The approach to stage one on day three saw riders become more personally acquainted with their bikes. Yes, it’s the first major carry of the 2012 Mavic Trans-Provence. A 500m carry or push depending upon your persuasion led to a col in the mountains and the first special stage of the day.
An equally steep descent balanced out the climb to the summit and fired the riders on to the valley floor and a longer liaison stage than in previous years, with a long road climb to the feed station.
It’s very easy to overuse the word brutal when describing Mavic Trans-Provence press, but it’s near enough unanimous – nine out of 10 riders that had enough lung capacity to answer simple questions at the top of a hill reckon the climb to special stage two was brutal.
However, the whooping and shouting at the bottom of the new special stage seemed to suggest that the all the hard work uphill was well worthwhile.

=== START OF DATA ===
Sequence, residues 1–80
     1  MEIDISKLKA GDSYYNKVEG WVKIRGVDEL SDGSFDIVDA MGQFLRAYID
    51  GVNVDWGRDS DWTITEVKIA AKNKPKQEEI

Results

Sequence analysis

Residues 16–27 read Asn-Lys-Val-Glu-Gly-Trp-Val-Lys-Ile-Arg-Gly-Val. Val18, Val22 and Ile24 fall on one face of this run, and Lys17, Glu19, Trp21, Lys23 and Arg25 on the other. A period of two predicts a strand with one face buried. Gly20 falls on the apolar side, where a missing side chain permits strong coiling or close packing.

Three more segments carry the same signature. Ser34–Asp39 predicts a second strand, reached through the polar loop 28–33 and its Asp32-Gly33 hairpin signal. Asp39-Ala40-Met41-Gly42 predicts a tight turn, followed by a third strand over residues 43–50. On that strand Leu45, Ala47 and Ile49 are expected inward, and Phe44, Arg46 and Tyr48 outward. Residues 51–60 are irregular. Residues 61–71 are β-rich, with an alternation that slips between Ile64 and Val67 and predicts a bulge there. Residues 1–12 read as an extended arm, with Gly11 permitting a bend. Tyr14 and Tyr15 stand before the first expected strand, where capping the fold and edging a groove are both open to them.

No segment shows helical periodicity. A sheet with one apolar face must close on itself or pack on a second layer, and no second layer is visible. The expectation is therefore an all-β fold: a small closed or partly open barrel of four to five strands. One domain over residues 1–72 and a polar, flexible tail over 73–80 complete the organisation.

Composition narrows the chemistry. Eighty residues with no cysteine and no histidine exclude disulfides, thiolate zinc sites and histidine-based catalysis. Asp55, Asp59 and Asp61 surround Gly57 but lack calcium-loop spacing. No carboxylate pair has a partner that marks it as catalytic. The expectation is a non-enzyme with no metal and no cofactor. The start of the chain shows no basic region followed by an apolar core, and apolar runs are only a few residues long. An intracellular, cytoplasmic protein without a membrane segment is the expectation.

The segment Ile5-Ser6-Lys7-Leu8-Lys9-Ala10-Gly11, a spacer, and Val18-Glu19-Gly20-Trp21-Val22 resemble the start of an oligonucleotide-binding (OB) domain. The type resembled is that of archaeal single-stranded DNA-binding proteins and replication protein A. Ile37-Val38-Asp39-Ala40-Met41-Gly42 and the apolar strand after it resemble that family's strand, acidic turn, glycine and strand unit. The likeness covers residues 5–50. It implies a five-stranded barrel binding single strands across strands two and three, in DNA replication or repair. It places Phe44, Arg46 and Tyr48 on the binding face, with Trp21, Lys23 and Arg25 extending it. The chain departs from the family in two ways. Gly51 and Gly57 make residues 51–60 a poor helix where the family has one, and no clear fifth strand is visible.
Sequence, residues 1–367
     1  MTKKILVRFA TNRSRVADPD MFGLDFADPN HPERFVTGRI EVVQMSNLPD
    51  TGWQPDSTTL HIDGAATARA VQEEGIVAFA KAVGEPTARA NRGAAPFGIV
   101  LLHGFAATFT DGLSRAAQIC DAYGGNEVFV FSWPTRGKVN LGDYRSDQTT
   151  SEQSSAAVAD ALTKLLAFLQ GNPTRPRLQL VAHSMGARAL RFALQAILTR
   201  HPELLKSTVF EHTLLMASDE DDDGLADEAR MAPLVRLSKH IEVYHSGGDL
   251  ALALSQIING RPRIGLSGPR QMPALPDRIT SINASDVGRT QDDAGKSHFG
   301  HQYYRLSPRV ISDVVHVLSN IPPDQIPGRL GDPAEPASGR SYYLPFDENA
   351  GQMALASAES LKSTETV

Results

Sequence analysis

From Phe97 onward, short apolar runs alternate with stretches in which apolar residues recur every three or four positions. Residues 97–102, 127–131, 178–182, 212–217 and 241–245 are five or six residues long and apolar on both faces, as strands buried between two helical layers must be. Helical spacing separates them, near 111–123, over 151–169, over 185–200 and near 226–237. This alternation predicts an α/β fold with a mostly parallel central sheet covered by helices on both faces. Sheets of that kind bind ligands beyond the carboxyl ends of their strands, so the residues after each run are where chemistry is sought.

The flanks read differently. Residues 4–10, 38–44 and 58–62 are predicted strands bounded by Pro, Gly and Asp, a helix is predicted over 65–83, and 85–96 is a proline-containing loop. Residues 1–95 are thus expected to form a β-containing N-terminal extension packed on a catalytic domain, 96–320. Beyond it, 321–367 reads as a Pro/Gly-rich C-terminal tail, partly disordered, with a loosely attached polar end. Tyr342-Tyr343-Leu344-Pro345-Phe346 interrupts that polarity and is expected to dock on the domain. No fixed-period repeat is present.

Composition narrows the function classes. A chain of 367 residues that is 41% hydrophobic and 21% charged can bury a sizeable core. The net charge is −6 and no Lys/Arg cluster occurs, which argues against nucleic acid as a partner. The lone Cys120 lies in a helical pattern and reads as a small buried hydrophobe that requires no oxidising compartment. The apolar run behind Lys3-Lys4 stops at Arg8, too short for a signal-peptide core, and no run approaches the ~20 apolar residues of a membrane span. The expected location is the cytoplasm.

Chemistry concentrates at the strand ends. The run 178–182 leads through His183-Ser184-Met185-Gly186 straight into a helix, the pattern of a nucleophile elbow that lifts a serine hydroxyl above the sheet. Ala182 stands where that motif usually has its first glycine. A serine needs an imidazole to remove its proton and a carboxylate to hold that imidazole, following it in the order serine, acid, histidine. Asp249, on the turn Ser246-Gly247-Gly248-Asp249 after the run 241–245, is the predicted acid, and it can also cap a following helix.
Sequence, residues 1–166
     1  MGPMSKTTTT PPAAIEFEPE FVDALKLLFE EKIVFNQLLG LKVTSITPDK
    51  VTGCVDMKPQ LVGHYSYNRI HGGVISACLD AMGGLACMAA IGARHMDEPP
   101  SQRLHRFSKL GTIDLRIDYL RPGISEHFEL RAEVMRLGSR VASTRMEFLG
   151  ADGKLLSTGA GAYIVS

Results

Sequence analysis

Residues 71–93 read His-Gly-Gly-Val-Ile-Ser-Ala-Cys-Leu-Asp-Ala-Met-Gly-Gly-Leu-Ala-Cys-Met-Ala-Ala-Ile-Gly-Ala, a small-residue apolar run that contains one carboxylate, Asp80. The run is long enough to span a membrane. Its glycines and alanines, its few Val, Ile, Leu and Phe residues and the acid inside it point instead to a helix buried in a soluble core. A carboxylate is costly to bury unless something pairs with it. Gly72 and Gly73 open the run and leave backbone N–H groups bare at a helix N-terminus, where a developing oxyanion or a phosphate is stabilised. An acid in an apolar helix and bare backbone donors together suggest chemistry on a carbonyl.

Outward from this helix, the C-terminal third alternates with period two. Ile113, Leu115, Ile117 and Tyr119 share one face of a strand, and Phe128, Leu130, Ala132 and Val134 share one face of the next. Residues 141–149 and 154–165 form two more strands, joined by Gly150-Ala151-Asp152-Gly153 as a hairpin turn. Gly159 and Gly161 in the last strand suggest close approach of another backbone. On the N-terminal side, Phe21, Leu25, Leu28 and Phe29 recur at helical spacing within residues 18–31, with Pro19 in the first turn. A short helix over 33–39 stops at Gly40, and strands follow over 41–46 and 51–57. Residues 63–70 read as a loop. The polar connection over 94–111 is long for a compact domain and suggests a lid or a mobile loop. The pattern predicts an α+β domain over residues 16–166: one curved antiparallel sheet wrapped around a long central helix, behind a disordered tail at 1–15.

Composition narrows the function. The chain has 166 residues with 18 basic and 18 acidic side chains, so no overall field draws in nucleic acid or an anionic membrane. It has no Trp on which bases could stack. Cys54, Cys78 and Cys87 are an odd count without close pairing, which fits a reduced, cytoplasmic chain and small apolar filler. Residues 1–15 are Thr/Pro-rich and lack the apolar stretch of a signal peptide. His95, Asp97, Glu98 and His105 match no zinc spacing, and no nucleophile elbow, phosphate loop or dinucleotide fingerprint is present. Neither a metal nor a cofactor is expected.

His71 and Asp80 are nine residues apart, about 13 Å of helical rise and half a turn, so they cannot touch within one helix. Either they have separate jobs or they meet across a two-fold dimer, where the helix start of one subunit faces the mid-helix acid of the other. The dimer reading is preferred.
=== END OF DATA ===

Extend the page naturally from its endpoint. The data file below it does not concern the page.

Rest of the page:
Another long road section followed by the last fire road climb of the day led, as always, to the day’s final special stage: fast, traversing singletrack with plenty of exposure across desert-like hillside dropped riders into a wooded valley bottom and a final flat-out pedal across undulating (some of it very steeply undulating!) singletrack.
Even after all that were were no changes in position for the top riders at the end of the day but there was plenty more riding and racing ahead.
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